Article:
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News Release
March 24, 2003
CONTACT: David Fish
(202) 289-8928

DOT Should Regulate Less, Enforce Antitrust
Digital Tech and Market Forces Benefit Travelers, Expert Says

WASHINGTON, D.C. - The Department of Transportation (DOT) should stop stifling the travel distribution industry with “detailed and pervasive controls” on the Computer Reservation System (CRS), and allow market forces to promote consumer-friendly improvements. That is the view of Progress & Freedom Foundation law and economics expert William F. Adkinson, Jr., who is also calling upon the DOT to take immediate antitrust action in the Orbitz case.

In official comments filed in the Department’s rulemaking proceeding to modify its CRS regulations, Adkinson writes that DOT continues to rely on mistaken "conjectures regarding potential for market power and anticompetitive effects" and "underestimates the strength of disciplining forces in the market." He cites "the bargaining strength of airlines, the rivalry among CRSs for travel agents, and the competition among travel agents to serve air travelers," emphasizing "emerging developments such as the rise of Internet distribution and reduced airline control of CRSs."

He writes that CRSs have "revolutionized air travel distribution," to consumers' advantage, and that the explosion of online distribution further extends the benefits of digital technologies. The DOT-adopted regime “poses a multitude of regulatory risks, including becoming obsolete due to marketplace developments, imposing unintended consequences, and skewing competition between regulated and unregulated sectors.”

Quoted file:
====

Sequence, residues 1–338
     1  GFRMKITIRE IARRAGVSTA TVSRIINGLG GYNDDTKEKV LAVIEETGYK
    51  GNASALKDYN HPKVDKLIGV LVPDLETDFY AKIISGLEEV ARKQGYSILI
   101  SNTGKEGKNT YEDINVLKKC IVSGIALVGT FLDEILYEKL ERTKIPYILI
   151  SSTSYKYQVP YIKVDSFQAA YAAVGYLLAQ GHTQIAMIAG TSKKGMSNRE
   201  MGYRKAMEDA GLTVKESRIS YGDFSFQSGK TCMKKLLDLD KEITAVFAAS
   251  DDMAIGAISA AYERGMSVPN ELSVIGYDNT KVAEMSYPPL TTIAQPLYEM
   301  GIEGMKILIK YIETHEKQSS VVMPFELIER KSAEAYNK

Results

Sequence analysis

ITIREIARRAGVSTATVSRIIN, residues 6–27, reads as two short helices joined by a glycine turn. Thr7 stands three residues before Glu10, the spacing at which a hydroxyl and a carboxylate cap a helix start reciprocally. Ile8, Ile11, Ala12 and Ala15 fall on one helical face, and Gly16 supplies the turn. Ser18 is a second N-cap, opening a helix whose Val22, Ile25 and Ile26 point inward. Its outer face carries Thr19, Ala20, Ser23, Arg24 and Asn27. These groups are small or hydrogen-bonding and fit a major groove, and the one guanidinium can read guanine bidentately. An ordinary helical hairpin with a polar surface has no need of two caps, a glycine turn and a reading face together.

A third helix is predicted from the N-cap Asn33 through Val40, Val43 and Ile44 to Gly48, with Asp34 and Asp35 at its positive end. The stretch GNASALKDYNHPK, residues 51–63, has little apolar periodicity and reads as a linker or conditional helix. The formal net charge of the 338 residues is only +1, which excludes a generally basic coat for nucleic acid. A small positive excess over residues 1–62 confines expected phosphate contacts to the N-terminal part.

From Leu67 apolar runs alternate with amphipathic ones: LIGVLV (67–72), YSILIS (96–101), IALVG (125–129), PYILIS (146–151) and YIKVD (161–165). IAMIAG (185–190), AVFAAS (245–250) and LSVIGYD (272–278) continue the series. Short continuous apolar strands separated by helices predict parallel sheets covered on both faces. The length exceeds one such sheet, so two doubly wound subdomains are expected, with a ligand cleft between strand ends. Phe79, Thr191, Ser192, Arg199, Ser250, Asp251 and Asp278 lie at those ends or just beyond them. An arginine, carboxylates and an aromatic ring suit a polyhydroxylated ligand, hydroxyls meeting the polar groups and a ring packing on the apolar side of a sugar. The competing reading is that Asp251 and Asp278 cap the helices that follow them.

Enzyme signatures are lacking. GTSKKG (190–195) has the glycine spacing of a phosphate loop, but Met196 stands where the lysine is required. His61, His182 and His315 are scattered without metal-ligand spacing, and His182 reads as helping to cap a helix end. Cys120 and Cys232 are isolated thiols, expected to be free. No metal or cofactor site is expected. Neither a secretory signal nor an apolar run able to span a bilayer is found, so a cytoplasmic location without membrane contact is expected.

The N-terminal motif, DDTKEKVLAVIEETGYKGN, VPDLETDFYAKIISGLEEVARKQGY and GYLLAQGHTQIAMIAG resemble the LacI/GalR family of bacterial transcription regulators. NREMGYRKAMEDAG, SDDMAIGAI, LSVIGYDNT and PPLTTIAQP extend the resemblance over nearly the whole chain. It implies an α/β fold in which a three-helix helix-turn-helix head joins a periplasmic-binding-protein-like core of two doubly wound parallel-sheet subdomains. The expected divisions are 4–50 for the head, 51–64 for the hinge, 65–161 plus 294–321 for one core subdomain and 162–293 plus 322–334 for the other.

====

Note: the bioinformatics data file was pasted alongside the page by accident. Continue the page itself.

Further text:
To further enhance competition and benefit consumers, DOT should “move forward expeditiously” to eliminate Orbitz Most Favored Nation provision, which Adkinson maintains “poses anticompetitive risks without procompetitive justification and thus violates the antitrust laws.” In a recent study, “Orbitz Should Still Pop Up on Antitrust Agencies’ Radar Screens,” he takes aim at MFN, which effectively ensures that Orbitz can offer all members’ publicly available fares and match special deals offered by competitors. He and PFF colleague Thomas M. Lenard wrote an article featured in ANTITRUST, a journal published by the American Bar Association, “Orbitz: An Antitrust Assessment,” as well as a paper, “Revise Orbitz’s Flight Plan: Serious Competitive Risks Outweigh Questionable Benefits.”

The Progress & Freedom Foundation is a market-oriented think tank that studies the impact of the digital revolution and its implications for public policy. The Foundation is a 501(c)(3) nonprofit organization founded in 1993.



The Progress & Freedom Foundation